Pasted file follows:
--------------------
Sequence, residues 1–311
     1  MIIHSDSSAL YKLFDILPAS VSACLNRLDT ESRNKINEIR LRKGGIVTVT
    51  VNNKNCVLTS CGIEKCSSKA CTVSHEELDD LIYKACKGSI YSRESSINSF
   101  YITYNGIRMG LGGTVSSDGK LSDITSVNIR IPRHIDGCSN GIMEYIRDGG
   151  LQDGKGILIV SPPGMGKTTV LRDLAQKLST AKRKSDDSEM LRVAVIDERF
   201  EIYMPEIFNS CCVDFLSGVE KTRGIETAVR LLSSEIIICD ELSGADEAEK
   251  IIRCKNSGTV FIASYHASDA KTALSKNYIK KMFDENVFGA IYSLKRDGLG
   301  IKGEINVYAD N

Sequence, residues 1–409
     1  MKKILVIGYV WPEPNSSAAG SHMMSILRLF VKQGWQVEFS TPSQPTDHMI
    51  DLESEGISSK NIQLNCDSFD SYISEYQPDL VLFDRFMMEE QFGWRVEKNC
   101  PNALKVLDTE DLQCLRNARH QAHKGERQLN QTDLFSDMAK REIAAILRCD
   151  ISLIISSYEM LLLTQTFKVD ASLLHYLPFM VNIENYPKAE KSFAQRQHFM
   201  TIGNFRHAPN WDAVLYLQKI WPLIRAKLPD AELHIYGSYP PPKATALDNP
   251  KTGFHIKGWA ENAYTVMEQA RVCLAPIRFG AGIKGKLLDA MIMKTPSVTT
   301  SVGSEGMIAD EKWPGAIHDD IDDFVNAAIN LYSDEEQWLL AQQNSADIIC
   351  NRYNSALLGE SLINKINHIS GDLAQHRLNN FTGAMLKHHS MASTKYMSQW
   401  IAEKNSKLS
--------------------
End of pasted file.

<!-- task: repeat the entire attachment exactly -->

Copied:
Sequence, residues 1–311
     1  MIIHSDSSAL YKLFDILPAS VSACLNRLDT ESRNKINEIR LRKGGIVTVT
    51  VNNKNCVLTS CGIEKCSSKA CTVSHEELDD LIYKACKGSI YSRESSINSF
   101  YITYNGIRMG LGGTVSSDGK LSDITSVNIR IPRHIDGCSN GIMEYIRDGG
   151  LQDGKGILIV SPPGMGKTTV LRDLAQKLST AKRKSDDSEM LRVAVIDERF
   201  EIYMPEIFNS CCVDFLSGVE KTRGIETAVR LLSSEIIICD ELSGADEAEK
   251  IIRCKNSGTV FIASYHASDA KTALSKNYIK KMFDENVFGA IYSLKRDGLG
   301  IKGEINVYAD N

Sequence, residues 1–409
     1  MKKILVIGYV WPEPNSSAAG SHMMSILRLF VKQGWQVEFS TPSQPTDHMI
    51  DLESEGISSK NIQLNCDSFD SYISEYQPDL VLFDRFMMEE QFGWRVEKNC
   101  PNALKVLDTE DLQCLRNARH QAHKGERQLN QTDLFSDMAK REIAAILRCD
   151  ISLIISSYEM LLLTQTFKVD ASLLHYLPFM VNIENYPKAE KSFAQRQHFM
   201  TIGNFRHAPN WDAVLYLQKI WPLIRAKLPD AELHIYGSYP PPKATALDNP
   251  KTGFHIKGWA ENAYTVMEQA RVCLAPIRFG AGIKGKLLDA MIMKTPSVTT
   301  SVGSEGMIAD EKWPGAIHDD IDDFVNAAIN LYSDEEQWLL AQQNSADIIC
   351  NRYNSALLGE SLINKINHIS GDLAQHRLNN FTGAMLKHHS MASTKYMSQW
   401  IAEKNSKLS